To some, Atlanta is the symbol of the New South, although others still whistle Dixie.
The "New South" has been heralded several times since a newspaper editor coined the phrase in the 1880s. But its latest incarnation, begun in the 1970s and marked by economic growth and the withering of racial segregation, may have jumped the boundaries of the 11 Confederate states to influence the rest of the country.
"Historically, the South had been very separate and distinct, but a lot of that has been overcome in the past 30 years' " says Charles Reagan Wilson of the Center for the Study of Southern Culture at the University of Mississippi. "The fact is that the rest of the nation is beginning to listen to the South, which has not been true of the past."
Today, the 11 states have a population of more than 70 million people, more than one-quarter of the U.S. population. Those states provide 147 Electoral College votes, more than half of what it takes to win the presidency But while the last three Democratic presidents have been Baptists reared in the South - Lyndon Johnson, Jimmy Carter and Bill Clinton - its states increasingly have swung Republican. In 1992, President Bush won seven of the 11 states in his failed bid for reelection. In 1996, pollsters predict an even larger GOP share.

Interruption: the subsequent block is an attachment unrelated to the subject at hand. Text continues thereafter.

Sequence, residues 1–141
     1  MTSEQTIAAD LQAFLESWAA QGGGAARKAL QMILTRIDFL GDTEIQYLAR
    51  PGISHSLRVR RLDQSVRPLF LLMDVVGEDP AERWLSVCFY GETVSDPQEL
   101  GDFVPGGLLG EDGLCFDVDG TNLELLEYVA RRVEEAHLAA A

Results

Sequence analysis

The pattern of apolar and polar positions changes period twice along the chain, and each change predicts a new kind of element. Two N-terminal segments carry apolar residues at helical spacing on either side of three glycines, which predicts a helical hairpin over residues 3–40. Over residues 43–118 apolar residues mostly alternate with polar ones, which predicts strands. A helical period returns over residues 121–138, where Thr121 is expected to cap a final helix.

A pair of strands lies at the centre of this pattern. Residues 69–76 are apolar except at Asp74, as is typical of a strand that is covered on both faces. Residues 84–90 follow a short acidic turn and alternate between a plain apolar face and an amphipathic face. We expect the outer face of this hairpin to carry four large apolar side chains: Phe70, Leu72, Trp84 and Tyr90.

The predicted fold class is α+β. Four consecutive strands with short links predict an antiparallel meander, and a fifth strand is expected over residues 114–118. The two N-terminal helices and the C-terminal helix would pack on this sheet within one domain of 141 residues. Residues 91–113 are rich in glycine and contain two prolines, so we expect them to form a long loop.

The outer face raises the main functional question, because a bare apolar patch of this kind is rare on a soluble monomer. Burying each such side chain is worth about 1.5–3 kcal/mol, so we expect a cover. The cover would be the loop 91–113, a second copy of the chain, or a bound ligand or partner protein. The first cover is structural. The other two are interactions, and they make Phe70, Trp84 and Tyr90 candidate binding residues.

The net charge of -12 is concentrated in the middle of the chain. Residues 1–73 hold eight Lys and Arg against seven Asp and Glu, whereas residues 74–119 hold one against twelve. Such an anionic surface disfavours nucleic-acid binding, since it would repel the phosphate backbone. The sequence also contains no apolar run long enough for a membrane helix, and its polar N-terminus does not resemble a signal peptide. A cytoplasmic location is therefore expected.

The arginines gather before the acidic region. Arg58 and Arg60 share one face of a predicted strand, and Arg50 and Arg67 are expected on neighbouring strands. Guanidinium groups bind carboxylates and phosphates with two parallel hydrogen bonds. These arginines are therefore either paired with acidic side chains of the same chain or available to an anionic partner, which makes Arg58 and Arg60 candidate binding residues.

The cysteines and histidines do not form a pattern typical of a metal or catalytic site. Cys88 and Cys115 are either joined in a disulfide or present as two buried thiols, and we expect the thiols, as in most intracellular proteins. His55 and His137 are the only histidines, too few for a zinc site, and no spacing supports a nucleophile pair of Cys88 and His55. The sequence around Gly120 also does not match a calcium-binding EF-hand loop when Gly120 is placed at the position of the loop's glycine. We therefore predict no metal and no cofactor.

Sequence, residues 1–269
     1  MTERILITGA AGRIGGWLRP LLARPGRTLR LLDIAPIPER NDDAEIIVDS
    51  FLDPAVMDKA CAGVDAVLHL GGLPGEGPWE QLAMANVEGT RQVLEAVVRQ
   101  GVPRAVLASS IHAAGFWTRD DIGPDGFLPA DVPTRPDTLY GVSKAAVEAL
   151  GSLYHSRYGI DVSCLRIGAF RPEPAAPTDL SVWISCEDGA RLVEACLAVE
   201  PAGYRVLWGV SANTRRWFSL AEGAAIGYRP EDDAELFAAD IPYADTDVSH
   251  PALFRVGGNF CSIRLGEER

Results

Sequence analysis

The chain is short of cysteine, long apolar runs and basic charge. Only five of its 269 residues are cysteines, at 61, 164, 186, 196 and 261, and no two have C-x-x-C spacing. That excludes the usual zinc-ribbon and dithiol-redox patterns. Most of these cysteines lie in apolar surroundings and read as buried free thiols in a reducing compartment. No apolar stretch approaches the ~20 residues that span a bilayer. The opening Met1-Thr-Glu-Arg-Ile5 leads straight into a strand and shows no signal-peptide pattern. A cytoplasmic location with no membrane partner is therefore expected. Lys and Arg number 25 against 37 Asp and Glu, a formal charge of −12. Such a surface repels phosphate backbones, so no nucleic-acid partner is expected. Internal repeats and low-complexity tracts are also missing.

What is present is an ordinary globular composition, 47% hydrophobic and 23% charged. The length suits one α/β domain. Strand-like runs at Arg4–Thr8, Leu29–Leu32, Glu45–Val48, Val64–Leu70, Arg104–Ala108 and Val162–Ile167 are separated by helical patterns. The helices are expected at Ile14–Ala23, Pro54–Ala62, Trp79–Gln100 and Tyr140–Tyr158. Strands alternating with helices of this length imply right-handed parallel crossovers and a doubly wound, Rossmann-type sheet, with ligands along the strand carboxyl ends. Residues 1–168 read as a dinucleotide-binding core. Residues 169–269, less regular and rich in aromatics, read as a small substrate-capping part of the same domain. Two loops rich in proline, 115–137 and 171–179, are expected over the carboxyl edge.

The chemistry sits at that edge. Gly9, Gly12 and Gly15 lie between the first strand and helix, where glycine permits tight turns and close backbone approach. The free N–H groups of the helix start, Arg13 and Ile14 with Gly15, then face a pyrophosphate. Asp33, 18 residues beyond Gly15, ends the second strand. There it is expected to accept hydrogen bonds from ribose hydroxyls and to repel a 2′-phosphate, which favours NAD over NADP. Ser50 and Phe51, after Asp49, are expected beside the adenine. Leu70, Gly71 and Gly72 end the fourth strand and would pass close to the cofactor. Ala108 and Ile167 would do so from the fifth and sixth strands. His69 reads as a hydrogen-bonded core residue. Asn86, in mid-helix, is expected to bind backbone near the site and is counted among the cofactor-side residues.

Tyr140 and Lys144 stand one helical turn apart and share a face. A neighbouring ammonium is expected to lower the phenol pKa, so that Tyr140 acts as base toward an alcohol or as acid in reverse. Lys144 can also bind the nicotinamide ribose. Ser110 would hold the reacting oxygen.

While there's no proof that the South spawned the current national interest in small government and moral conformity, says Del Ali, vice president of the Mason Dixon Poll, the region certainly has been ahead of the curve. As a consequence, the South's politicians have become more difficult to pick out of the national crowd. No longer the colorful agrarian and race-conscious characters of the past, they now are suburban economic boosters.
"The same issues of importance - pocketbook issues - show up in the South as in the North," says Ali. "But the South's solutions are different. They want less government and less regulation in economic affairs but some government role in cultural and moral issues. …